Failing that, ask your speaker to provide a video or audio recording of their presentation in advance so that you can present this or switch to it quickly if the connection is poor. Make sure you have an instant messaging service, twitter ID or a telephone number so the speaker can take live questions from the audience at the end to ensure that they get the full benefit of the presentation.

It is always good to have a mobile broadband dongle on hand as an additional backup. Whilst this might not have a strong enough signal to support a video call, it will help you to get online if your venue’s internet connection drops entirely.

6. Check your sound

If your speaker is going to take questions, make sure they can hear the audience as well as the audience can hear them.

7. Agree a protocol

A speaker who is presenting remotely will not be able to see your usual cues to aid their time keeping. Agree a protocol in advance so that you can manage their session and communicate with them if there are any problems with the quality of the connection. It is best to do this via text rather than shouting over them to interrupt. Remember that there will be a slight time delay. If you are moving on slides for your speaker, agree a protocol or rehearse beforehand to make sure this is slick and does not get in the way of your audience’s enjoyment of the presentation.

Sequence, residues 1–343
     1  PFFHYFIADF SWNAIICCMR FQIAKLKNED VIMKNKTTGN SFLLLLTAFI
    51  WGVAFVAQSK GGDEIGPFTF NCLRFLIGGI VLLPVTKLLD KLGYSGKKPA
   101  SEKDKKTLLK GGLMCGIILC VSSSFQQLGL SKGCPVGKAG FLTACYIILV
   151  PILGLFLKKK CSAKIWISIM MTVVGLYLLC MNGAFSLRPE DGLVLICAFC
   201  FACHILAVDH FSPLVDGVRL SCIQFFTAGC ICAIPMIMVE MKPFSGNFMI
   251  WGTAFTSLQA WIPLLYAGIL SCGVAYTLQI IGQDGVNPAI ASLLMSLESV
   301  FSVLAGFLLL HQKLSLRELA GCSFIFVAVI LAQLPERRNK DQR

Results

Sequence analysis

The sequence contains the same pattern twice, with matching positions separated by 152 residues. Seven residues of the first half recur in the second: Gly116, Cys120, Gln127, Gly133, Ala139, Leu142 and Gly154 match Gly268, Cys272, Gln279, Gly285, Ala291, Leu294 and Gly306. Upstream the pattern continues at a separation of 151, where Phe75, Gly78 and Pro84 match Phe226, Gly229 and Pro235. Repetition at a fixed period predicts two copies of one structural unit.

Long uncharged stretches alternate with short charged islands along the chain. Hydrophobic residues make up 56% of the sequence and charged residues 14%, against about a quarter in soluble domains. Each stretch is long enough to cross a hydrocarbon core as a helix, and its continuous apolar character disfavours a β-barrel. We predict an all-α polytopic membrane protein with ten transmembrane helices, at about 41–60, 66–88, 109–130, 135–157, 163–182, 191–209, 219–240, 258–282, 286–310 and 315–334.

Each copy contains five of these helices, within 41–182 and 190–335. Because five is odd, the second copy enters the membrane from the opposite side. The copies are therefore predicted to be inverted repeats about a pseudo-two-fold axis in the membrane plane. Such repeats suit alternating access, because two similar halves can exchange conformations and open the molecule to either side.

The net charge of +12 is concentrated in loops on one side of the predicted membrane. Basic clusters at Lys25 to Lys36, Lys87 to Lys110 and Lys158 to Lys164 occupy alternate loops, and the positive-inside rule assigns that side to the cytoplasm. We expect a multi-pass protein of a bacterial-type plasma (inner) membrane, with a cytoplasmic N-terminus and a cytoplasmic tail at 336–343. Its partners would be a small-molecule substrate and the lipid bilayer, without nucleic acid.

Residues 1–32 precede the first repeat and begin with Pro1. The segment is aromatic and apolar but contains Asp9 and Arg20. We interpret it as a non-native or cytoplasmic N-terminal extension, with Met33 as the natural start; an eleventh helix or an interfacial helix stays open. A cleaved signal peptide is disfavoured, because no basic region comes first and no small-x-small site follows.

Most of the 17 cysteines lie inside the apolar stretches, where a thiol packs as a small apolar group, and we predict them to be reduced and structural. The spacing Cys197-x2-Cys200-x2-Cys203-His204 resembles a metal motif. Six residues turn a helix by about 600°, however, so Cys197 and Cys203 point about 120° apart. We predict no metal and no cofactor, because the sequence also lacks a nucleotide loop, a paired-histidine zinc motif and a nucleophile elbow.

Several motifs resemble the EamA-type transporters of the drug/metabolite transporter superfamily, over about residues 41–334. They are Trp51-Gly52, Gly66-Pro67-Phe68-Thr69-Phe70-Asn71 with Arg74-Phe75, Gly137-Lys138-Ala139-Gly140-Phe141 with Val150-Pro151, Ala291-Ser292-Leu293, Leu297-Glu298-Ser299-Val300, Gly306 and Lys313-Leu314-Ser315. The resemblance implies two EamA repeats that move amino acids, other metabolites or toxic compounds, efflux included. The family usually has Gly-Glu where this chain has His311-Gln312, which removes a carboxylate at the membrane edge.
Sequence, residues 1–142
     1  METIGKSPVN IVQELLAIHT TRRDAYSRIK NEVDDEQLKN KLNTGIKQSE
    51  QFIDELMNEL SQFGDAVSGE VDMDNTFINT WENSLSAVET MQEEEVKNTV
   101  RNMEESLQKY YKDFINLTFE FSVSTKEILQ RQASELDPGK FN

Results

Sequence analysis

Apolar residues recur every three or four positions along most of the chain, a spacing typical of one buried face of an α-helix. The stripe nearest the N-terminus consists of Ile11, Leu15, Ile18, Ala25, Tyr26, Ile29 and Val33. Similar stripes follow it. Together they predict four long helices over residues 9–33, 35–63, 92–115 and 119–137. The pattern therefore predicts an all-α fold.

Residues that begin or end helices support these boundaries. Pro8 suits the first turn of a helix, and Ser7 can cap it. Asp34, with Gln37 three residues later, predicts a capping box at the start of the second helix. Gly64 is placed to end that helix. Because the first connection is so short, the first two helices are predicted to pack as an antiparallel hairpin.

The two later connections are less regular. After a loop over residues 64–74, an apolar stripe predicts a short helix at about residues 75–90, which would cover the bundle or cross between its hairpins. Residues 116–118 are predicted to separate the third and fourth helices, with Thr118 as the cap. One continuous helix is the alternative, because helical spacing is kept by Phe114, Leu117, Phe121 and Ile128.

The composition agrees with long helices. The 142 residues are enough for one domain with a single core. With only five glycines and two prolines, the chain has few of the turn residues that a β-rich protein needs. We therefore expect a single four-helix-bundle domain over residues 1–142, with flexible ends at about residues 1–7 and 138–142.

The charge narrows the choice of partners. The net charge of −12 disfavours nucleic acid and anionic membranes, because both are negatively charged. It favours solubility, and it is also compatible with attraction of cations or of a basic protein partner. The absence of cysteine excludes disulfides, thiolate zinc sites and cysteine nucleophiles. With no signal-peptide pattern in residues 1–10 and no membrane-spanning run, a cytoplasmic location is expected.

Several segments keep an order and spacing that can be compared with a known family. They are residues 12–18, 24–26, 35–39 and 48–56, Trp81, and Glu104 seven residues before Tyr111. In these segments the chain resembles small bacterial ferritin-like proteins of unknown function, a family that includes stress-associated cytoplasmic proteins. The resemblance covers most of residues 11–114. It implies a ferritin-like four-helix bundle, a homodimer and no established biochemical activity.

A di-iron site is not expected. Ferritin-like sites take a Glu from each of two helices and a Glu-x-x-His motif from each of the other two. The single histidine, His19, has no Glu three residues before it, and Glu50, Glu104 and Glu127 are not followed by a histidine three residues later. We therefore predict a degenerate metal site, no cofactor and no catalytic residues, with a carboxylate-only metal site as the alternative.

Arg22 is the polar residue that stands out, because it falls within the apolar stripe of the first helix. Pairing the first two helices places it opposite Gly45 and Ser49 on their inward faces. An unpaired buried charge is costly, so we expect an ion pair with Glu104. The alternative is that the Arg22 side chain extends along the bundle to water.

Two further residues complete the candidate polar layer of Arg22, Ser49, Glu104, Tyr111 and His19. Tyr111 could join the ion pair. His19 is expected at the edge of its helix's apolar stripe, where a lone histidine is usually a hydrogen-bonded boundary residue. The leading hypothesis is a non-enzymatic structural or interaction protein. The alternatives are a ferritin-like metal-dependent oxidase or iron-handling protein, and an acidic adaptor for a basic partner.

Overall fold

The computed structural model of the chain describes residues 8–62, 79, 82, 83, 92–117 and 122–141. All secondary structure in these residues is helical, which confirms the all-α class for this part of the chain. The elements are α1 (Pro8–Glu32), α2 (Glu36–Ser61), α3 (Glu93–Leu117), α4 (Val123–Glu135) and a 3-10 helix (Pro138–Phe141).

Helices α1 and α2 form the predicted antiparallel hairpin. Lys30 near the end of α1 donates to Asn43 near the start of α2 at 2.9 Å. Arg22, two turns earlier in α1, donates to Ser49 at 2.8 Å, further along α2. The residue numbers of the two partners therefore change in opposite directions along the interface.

8. Remember to shut everything else down

Don’t leave your email or Twitter or superfluous internet browser windows open. These will not only divert bandwidth, but they could also pop up messages or make alert sounds at inopportune moments. If you are using Skype, don’t just mark yourself as busy – add a “mood message” to emphasise to your other Skype contacts that you are facilitating an event and should not be contacted. You really don’t want friends, family or colleagues popping up to get your attention whilst your speaker is presenting.

9. Manage the your speaker

Just because they were not there for the sound check or the pre-event briefing does not mean that you should not make an effort to manage your speaker and ensure the quality of their presentation. Provide advice beforehand about effective ways of structuring a remote presentation – including allowing pauses to minimise the impact of any buffering issues and taking questions at set times. Some speakers ask the audience to shout out questions as they go along, which is fine during a live presentation, but won’t work as effectively for a remote presentation due to the time delay. If you know what your speaker intends to do, you can make sure in advance that this will work.

10. Don’t panic

Stay calm and make sure you are properly resourced. One person should be dealing with the technical aspect of facilitating the presentation, whilst another should be chairing the session for the audience.

I am sure there are other great tips out there too, so please feel free to comment if you have any practical experiences or useful tools that may help event organisers to facilitate remote presentations more effectively.
Photo Credit: Freefoto.com.